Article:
Vested interests, consumer behaviour, lack of cohesive leadership, absence of robust data – these are among the key challenges facing a resource-efficient economy, according to participants at a conference held in Brussels on 11 October.
“In these times of economic turmoil and financial instability, thinking about the environment is considered by many as a luxury we cannot afford. But the opposite is true: not thinking about the environment is a luxury we cannot afford!” said Janez Potočnik, European Commissioner for the Environment at the opening of the conference ‘Resources Unlimited? – Moving to a resource-efficient economy’, jointly organised by WWF, ACE, the European Commission, and the OECD.
ACE co-sponsored the conference to enable key stakeholders from the policy, NGO and business worlds to discuss how to move towards a sustainable global economy. A consensus emerged on the need for concerted action to maximise the potential of best practices in individual sectors. A specific focus on how to achieve resource efficiency was in the forestry sector.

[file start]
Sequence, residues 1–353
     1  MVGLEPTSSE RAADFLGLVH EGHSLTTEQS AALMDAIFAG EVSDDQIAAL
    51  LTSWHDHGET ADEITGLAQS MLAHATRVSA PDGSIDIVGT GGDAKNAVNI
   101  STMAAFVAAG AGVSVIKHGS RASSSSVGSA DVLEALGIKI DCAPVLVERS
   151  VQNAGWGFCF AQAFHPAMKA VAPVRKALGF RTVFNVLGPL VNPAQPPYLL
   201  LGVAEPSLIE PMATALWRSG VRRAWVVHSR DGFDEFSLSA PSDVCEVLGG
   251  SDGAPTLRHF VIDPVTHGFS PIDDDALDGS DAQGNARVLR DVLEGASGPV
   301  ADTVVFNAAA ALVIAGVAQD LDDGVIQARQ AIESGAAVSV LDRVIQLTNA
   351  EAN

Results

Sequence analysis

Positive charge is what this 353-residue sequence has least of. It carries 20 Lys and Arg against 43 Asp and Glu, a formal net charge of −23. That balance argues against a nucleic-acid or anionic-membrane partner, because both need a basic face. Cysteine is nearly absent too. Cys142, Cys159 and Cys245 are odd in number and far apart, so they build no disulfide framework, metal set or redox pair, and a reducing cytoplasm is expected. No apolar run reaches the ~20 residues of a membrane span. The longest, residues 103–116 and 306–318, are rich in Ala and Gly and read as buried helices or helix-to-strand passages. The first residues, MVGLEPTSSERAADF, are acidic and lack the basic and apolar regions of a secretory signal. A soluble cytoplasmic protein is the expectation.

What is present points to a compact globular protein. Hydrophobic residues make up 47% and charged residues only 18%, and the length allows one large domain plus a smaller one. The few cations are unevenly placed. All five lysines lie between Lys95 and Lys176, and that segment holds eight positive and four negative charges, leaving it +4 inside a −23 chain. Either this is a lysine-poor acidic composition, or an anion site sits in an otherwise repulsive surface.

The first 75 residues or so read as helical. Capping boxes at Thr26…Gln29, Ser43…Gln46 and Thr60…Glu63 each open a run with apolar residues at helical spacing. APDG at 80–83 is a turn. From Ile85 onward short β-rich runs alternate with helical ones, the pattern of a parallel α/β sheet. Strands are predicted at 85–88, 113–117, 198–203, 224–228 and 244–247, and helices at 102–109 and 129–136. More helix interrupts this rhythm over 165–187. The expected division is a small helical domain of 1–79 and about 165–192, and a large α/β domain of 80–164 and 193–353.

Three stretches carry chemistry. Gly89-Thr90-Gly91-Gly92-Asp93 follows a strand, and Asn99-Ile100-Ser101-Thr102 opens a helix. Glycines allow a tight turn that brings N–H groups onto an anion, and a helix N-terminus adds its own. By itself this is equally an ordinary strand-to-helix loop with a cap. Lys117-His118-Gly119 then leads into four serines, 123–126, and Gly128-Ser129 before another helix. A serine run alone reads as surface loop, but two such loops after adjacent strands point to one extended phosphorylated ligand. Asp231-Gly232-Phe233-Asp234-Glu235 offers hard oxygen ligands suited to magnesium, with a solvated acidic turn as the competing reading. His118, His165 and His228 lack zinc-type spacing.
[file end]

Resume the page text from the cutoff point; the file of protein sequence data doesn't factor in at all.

“Responsible use of forest products is the first step in our life-cycle approach to managing the beverage carton on a resource-efficient basis”, said Katarina Molin, Director General of ACE. “For example, over the last 20 years, technology and best practices have made it possible to produce 40% more cartons from the same amount of wood. With ACE carton manufacturers using around 2.5 million tonnes of wood fibres annually, this has meant a significant resource saving. It also helps decouple environmental impact from economic growth. Worth noting too is that the European forest industry does not even use the annual growth of forests, a renewable natural resource”.
“’Doing more with less’”, said Erika Mink, ACE President, “means using renewable materials and further increases in recycling”. However, she added, “our efforts, particularly on recycling, can only be achieved with supportive regulation”.
In addition, said Mink, “there is potential for packaging, in particular food packaging, to play a broader role in the stewardship of resources. Food security and surging food prices are creating a new focus on food losses and on the means to prevent the wastage of this vital resource. Packaging, particularly in developing countries, might help solve this problem”.
Conference brochure is available at: http://www.beveragecarton.eu/en/media-hub/upcoming-events
Beverage carton recycling in the UK